Analysis of a Metabolically Engineered Microbial Consortium for Optimal Production of Biofuels

Ali Navid (14-ERD-091)


Engineering of microbial consortia is a new frontier in synthetic biology. By programming the conduct and performance of select microbial communities, we can force these organisms to coordinate their efforts to achieve a specific goal such as production of compounds of interest like biofuels or drugs. Engineering multicellular communities to achieve a specific goal requires system-level understanding of the workings and capabilities of each organism in the community and their interactions. Computational models are usually used to conduct such system-level analyses. Unfortunately, available modeling tools and methods are limited to examining only one objective of the system, while analysis of multicellular communities requires developmental models that conduct multiple-objective flux analysis of the system. Our primary goal with this research project is to develop an algorithm for generation of multiple-objective flux analysis models for analysis of interactions among cells in multicellular communities. We will use this method to optimize biofuel production in a synthetic co-culture of mutant strains of Clostridium phytofermentans, an anaerobic, rod-shaped bacterium capable of producing ethanol and hydrogen gas.

The success of this research project will result in (1) development of a computational tool for generation of genome-scale multiple-objective flux analysis models that can be run using the Laboratory's high-performance computers, (2) added insight into central carbon metabolism of biofuel-producing organisms, (3) establishment of a novel metabolically engineered consortium of multiple strains of C. phytofermentans that have been optimized for peak production of ethanol, and (4) a system-level analysis of multicellular communities that greatly benefit microbial consortia engineering efforts. Developing a tool for automatic generation of genome-scale multiple-objective flux analysis models of metabolism will be of great utility for systems biology studies of multicellular systems. Coupling this progress to the Laboratory's extensive computational capabilities will place us at the forefront of examining and engineering complex multicellular systems.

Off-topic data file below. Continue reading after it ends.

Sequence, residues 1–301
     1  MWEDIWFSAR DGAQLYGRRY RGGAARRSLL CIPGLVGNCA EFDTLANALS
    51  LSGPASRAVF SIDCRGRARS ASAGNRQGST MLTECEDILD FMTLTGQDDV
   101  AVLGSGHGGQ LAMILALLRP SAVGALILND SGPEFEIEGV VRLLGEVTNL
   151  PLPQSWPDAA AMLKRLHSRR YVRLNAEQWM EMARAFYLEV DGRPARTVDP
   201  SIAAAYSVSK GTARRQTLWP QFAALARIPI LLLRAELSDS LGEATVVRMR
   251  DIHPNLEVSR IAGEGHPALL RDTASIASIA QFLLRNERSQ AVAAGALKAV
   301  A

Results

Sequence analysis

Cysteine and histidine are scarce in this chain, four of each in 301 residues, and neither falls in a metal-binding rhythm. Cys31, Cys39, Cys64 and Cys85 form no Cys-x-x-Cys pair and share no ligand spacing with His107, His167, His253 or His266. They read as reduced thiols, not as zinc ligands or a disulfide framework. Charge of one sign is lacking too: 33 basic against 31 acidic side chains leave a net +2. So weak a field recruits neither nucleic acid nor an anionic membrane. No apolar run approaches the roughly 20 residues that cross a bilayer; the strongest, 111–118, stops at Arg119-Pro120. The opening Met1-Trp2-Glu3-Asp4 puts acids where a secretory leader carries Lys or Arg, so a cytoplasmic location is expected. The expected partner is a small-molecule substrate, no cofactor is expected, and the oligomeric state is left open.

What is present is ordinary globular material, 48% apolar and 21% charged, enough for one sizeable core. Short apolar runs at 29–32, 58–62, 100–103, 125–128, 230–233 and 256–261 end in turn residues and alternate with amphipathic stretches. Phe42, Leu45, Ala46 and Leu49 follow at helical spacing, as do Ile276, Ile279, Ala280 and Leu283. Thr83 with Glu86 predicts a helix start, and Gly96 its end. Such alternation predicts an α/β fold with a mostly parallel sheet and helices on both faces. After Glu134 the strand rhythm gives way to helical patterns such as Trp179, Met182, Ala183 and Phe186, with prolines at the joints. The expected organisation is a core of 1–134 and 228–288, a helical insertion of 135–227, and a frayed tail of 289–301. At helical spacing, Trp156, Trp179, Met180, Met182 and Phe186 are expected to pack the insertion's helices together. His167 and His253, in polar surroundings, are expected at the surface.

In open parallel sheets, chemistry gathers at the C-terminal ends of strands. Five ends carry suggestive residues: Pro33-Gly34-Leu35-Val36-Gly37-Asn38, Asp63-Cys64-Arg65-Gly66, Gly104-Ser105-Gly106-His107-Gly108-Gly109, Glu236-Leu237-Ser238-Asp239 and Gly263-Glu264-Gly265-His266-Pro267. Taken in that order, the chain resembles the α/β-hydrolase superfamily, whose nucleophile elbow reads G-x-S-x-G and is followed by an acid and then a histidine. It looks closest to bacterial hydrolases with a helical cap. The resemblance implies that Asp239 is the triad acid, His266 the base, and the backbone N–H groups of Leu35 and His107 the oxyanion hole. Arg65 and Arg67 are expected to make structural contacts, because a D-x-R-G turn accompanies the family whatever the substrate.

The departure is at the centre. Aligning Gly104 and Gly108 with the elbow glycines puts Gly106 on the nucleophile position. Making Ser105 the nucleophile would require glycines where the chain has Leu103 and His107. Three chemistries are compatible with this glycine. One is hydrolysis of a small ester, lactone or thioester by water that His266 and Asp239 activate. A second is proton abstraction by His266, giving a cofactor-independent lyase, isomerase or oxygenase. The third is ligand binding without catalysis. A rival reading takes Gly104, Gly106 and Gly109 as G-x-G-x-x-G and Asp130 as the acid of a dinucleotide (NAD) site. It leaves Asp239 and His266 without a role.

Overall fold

Mission Relevance

This project aligns well with LLNL's core competency in bioscience and bioengineering, as well as the strategic focus area of chemical and biological security. Results of our development of an algorithm for automatic generation of models that would account for different metabolic objectives of diverse members of a microbial community can be used for the development of new countermeasures against biosecurity threats and examination of interactions between immune system and pathogens.

FY15 Accomplishments and Results

In FY15 we (1) employed metabolite measurements of C. phytofermentans batch experiments grown in the presence of select hexose or pentose sugars to constrain a genome-scale computer model for conducting a system-level analysis of metabolism; (2) identified a set of target genes that will be inactivated to generate sugar substrate-specific mutants, as a result of our systems-level analyses; (3) used the CRISPR/Cas9 technology (clustered regularly interspaced short palindromic repeats) of gene manipulation to target the genes responsible for consumption of glucose and xylose; (4) verified the phenotype of sugar-specific strains during growth experiments, and compared growth curves; and (5) began developing the code for multiple-objective flux analyses of our synthetic microbial consortium.

Successful construction of six plasmids for inactivation proteins needed for generation of microbe strains that consume only one specific sugar. the inactivation plasmids glk, xyla, ptsg, gal, flgm, and luxr were created with genetic manipulation of the <em>clostridium phytofermentans</em> bacterium.
Successful construction of six plasmids for inactivation proteins needed for generation of microbe strains that consume only one specific sugar. The inactivation plasmids glk, xylA, ptsG, gal, FlgM, and LuxR were created with genetic manipulation of the Clostridium phytofermentans bacterium.